Abdi Nur Elmi, CARE Somalia Emergency Director says: “The numbers of people being tested for the coronavirus in Somalia remain low, but the worrying trend that we are seeing is that over 60% of people being tested are coming back positive for the virus. This is much higher than in European countries or the US. While there are of course a number of reasons why this may be the case, it is still extremely worrying in a country where less than 20 per cent of the health facilities have the required equipment and supplies to manage an outbreak this is extremely worrying news. Somalia is already one of the world’s most vulnerable countries with over 2.6 million internally displaced people (IDPs) living in 2,000 overcrowded sites, with poor access to safe drinking water, clean latrines and hygiene kits including soap and more than 1.2 million people suffering from food insecurity. Coronavirus coming on top of this risks reversing the many hard-won gains achieved over the last decade across the country.”
Many of West Africa’s most vulnerable and conflict-affected countries such as Mali, Burkina Faso, and Nigeria have now declared states of health emergency or confinements as a result of COVID-19. Protracted conflict already means many people weren’t able to access their fields to grow and harvest food, and has led to food shortages in markets. Now the impact from COVID-19 is worsening and increasing food and nutrition insecurity for millions more. An estimated 17 million people across West Africa will need food and nutrition assistance during the upcoming June–August lean season.
Given their contribution to food production and preparation, their role in society as child bearers and caregivers, and the high number of female-headed households in West Africa, women are also particularly vulnerable to food insecurity.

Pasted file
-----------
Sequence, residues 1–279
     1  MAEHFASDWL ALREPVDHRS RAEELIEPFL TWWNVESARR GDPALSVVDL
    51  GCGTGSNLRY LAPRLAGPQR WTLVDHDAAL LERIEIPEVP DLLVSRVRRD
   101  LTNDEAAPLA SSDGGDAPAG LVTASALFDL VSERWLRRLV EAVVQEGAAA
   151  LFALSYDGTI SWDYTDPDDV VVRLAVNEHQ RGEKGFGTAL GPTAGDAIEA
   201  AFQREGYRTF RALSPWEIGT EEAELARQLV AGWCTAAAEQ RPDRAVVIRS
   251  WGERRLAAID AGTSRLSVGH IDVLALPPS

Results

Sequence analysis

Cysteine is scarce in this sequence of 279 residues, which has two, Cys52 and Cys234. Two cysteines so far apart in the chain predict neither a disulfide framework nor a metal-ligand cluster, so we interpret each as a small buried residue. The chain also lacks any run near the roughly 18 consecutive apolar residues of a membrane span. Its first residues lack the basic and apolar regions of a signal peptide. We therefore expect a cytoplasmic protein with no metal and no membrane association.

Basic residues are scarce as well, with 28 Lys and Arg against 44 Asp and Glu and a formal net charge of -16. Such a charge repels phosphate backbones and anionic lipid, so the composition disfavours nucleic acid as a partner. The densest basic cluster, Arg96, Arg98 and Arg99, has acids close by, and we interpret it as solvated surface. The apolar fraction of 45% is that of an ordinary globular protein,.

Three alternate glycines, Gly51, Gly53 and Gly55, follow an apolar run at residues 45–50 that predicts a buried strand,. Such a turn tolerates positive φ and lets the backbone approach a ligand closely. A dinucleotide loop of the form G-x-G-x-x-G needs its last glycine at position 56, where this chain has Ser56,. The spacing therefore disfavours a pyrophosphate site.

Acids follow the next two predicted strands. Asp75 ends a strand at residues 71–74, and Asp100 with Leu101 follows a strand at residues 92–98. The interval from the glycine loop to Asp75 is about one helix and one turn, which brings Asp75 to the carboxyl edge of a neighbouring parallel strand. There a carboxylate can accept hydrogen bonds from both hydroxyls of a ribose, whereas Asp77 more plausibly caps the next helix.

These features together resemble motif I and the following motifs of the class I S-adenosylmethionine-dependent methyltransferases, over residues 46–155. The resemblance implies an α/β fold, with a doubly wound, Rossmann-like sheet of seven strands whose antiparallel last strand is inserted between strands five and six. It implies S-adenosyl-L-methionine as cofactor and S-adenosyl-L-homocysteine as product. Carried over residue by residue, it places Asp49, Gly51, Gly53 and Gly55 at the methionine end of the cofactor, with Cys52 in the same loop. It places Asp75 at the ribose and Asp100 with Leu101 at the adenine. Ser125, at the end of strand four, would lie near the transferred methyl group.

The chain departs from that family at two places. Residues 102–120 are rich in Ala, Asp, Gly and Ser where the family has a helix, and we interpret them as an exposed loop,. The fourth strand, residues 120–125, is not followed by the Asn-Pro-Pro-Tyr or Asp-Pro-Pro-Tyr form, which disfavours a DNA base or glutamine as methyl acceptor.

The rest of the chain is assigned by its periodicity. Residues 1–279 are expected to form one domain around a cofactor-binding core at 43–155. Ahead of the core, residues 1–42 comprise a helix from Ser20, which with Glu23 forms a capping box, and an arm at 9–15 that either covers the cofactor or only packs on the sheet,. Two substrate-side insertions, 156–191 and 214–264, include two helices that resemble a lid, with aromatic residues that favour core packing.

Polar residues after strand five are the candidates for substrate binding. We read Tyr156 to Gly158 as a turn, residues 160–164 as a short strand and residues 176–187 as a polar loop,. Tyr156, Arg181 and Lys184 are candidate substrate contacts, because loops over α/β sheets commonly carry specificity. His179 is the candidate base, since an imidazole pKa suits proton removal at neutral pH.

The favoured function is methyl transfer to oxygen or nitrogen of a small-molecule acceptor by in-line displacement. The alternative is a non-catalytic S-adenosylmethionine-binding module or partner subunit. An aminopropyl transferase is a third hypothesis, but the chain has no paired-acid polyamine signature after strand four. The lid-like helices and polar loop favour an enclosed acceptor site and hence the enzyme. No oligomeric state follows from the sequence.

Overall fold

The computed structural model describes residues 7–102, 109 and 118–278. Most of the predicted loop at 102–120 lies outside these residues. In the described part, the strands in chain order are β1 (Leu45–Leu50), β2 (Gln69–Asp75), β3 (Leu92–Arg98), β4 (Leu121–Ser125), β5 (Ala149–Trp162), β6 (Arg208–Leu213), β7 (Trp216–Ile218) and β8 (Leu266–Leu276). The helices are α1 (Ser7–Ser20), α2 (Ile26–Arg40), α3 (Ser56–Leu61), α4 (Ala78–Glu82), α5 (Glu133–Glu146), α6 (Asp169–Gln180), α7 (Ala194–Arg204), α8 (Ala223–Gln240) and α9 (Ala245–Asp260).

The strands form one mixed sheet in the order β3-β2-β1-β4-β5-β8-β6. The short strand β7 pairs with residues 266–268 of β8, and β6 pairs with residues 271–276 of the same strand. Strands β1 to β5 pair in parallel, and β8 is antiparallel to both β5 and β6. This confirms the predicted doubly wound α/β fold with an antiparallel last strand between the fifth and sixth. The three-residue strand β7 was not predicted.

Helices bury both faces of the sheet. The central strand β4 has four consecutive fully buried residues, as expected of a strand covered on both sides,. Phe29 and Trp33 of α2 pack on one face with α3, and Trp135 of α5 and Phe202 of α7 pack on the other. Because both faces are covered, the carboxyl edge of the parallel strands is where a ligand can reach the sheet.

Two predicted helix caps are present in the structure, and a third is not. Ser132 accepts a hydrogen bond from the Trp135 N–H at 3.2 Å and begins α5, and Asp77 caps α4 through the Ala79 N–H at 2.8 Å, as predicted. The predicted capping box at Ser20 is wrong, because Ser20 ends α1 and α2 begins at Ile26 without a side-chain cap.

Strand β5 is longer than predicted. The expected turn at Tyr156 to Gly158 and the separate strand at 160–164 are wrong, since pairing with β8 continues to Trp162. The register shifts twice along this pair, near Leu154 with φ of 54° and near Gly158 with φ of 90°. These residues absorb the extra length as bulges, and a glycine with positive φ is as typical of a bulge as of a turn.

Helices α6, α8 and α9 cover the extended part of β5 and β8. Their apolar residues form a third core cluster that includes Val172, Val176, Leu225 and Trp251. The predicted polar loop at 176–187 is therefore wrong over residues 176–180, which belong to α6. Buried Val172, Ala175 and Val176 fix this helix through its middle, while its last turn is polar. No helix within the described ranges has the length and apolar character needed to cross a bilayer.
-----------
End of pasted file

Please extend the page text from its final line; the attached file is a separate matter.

In order to avoid a food and nutrition crisis in the immediate term, the COVID response must address food and nutrition security as well as helping to prevent the spread of the virus, particularly among the most vulnerable and those in extreme poverty, including women and girls. Livelihood support, particularly for small-scale farmers, is critical to avoid a medium-term or longer-term food and nutrition crisis.
CARE’s response includes sensitisation/risk communication about COVID-19, WASH (water, sanitation, hygiene) support, gender-based violence prevention and response, health, food security, and cash and voucher support. We will also be working through our long-running VSLA (village savings and loan associations) programme, which supports resilience, self-sufficiency and solidarity among primarily women-led community groups. VSLA groups in crisis settings have previously proved a valuable support for women and their families coping with protracted conflict, displacement and economic hardship as well as being an important platform for promoting solidarity between displaced women and those from host communities.
In total, CARE and our partners are currently undertaking specific activities to respond to the COVID-19 pandemic in 63 countries around the world. To date, we have reached 2.6m with COVID-specific or adapted programmes. We have directly reached nearly 2 million people with hygiene messaging, 600,000 with hygiene kits, and 773,000 with increased access to water, 114,000 with food or cash/voucher support, and 23,000 with handwashing stations. Key approaches used include behavioural change communications (57 countries), in kind assistance (44 countries), cash (26 countries ), technical assistance (32 countries) and advocacy (26 countries).